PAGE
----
James M. Flammang, author of 30 books (including
six for children), is at work on several more,
including the title described below.
An independent journalist since the 1980s, Flammang
specialized in the automobile business. During
2016, he turned away from cars and into more vital
topics: work/labor, consumer concerns, and especially,
the emerging outrages of the Trump administration. His
website, Tirekicking Today (tirekick.com) has been
online since 1995.
Ten minutes after starting my first full-time job, I was ready to retire. Or if not actually retire, to quit–and run off as fast as I could, in search of some more appetizing way of life.
Not that I could envision any other lifestyle (a hoity-toity word that had not yet come into common usage). This was working-class Chicago in the mid-1950s. All we knew, growing up, was that we'd soon be seeking and, hopefully, getting some sort of regular job. That's what we did. That's what our fathers had done, and their fathers before them.
Not mothers, though. Except for women raising children singlehandedly after death or divorce, not many mothers worked outside the home in those days.
What else could there be? I knew nothing of any other type of existence. In that time and place, unless you or your parents could scrape up money for community colleage or maybe a state university, there was only one option. You left high school, and you got a job. Case closed. With money coming in, you could buy a car, get married, start a family and trudge off to work every day for the next 40 years or more. That was life for our parents and grandparents, and it would be for us. Most of us, at any rate.
Glancing around that proofreading department, tucked within a mammoth printing company that produced telephone books, only a single thought filled my mind on that first day: Is this what all the fuss was about? Is this all? Studying the intense faces of the proofreaders and the timekeepers who patrolled their days' work, I could only wonder in amazement. As a 16-year-old high school graduate, I had to ask myself incredulously: Is this what we're supposed to do every day, year after year, for the rest of our lives?
Rather than run off, like nearly every young American in the mid-1950s I plopped down into my timekeeper's chair. What choice was there except to give in and stay on the job. For a while. Nearly a year for that one: first as timekeeper tracking the proofreader's activities, then after six months a promotion to clerk in the cost accounting department. A year later, defying the conventional wisdom of the day with respect to life's meaning, I resigned from the company.
But not from the process. Soon came another job, as a proofreader myself this time, at the printing company for which my father toiled as a cutting-machine operator. After a couple of months, I ready to move on again. And did. Then, after a period of slogging from one employment office to the next, filling out tedious applications, taking the 50-question Wonderlic test so the personnel people could appraise my "intelligence," I was hired. Before long, that job ended, followed (after the usual employment-office shuffle) by another, and then another. Three months here, two weeks there. My short-term record was four hours. The longest connection lasted a bit over a year.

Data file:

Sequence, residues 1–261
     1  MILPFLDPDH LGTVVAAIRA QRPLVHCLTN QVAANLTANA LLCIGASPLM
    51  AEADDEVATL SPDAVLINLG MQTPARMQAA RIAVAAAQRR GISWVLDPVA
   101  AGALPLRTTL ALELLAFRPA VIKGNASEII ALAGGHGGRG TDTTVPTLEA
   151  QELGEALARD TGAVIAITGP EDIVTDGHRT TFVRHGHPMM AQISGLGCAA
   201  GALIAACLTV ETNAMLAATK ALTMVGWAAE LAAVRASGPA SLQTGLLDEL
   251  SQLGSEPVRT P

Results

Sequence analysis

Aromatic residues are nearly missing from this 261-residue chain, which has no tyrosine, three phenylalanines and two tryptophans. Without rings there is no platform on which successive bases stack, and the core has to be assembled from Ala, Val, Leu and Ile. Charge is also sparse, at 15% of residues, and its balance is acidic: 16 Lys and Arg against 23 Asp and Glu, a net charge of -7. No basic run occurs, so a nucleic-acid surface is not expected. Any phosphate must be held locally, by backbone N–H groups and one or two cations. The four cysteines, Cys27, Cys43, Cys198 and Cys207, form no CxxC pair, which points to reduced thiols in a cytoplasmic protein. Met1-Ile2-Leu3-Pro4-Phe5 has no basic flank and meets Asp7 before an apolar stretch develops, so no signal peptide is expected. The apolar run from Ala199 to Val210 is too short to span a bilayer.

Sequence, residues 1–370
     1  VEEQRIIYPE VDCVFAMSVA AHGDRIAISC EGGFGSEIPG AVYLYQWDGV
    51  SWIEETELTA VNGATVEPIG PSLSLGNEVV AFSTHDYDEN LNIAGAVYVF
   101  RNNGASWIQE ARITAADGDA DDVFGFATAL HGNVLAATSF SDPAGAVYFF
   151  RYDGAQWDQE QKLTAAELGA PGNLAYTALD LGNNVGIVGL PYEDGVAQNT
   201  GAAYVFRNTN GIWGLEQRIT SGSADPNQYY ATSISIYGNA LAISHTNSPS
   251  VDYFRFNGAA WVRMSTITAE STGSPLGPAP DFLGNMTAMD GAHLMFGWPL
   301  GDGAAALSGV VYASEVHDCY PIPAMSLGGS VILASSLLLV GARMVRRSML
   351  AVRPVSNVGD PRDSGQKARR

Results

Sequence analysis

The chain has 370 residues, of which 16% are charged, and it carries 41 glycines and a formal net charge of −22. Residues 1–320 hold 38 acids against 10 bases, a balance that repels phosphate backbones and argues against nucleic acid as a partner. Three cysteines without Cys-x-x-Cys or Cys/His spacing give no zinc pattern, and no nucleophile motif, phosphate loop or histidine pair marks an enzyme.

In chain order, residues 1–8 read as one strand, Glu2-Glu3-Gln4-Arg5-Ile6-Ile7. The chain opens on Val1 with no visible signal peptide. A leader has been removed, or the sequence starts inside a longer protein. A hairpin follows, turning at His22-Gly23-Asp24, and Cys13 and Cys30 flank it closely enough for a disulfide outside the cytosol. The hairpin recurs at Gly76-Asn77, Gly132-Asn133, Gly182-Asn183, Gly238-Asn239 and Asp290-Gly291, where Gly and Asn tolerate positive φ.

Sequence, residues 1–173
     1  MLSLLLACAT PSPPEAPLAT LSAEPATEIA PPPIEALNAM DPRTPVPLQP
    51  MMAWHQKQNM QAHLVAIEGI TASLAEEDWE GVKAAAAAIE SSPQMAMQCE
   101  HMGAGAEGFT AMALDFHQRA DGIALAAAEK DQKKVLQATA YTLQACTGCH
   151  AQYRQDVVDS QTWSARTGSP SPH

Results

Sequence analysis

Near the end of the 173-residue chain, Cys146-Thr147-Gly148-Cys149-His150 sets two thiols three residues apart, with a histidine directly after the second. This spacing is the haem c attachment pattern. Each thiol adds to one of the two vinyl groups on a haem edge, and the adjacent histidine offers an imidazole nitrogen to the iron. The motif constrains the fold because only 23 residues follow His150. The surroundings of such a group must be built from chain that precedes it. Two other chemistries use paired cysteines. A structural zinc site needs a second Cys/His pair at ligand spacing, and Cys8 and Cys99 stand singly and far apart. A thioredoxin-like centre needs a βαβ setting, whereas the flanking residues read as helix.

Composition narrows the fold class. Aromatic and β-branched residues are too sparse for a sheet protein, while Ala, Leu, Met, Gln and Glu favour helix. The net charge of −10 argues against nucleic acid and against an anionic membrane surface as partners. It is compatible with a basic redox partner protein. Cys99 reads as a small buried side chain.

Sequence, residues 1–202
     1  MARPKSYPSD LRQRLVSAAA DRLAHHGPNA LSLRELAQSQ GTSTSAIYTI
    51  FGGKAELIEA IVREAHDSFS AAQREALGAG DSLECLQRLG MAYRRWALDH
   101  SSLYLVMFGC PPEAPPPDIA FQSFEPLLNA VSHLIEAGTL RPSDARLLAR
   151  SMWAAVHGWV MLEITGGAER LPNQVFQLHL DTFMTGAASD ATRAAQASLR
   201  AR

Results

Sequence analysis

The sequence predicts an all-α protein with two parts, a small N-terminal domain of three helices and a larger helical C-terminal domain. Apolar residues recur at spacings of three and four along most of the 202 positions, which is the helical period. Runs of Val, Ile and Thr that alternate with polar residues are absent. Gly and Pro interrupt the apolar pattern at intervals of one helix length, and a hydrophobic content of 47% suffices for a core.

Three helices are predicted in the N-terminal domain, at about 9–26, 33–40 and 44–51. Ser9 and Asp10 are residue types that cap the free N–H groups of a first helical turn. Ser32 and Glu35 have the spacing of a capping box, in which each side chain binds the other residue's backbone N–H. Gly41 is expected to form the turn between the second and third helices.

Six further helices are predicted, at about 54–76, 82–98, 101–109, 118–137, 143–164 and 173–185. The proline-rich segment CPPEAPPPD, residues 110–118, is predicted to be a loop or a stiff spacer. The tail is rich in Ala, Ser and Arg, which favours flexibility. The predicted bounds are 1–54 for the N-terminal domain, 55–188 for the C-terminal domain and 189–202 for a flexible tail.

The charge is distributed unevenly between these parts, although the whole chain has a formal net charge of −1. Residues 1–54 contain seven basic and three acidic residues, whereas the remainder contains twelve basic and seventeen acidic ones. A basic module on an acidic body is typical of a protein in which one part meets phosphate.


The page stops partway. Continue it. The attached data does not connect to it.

Nothing exotic or intoxicating fills my resume from that period. I was never a merchant seaman, a taxi driver, a bartender, or even a factory worker (though friends did find employment in each of those categories). When I did work inside a factory, I had one of the dingy white-collar jobs–far short of professional or managerial, but not running a machine or hauling heavy materials around, either.
No, most of my employment in my late teens and early 20s fell into the category of minor clerical worker. I was an accounting clerk at Stewart-Warner, a clerk with duties I've forgotten at Victor Adding Machine Company, a ticket counter for the Chicago & Northwestern Railway.
Now and then, though, I did manage to get a position that's worth recalling years later. For several weeks, I was a pipe organ repairman. My father just happened to know a fellow who was in that little-known business, and who had need for a trainee to learn to repair those massive pipe organs in churches. That one lasted two weeks, before the owner and I agreed that I wasn't cut out for that work. Actually, the work itself was rather interesting, but my mechanical skills had always been meager, and I dreaded the thought of having to spend every day and evening with another employee, traveling from one pipe-organ location to the next, then moving to another hotel in another town. Or, driving the long distance back home if that was more convenient.
For a few days, I toiled as a helper on a beer truck, delivering 150-pound half-barrels and 450-pound full barrels, mainly to Skid Row bars on Chicago's near west side. A friend who'd been driving a beer truck for more than a year got me that job. His efforts were appreciated, but the job was not. Though slight in stature in those days, and not well-developed physically, I had to unload those 150-pounders by myself, dropping them onto a rubber pad, then upending the barrel to roll it into the bar. Often, that meant dragging the thing down to the basement, intensely wary of the appearance of rats, insects, or whatever else might be residing down there. Hauling one half-barrel down a narrow stairway, I was sweating so much that my glasses fell off. Only a full-barrel warranted assistance from the driver, who typically spent the unloading time chatting with the bartender.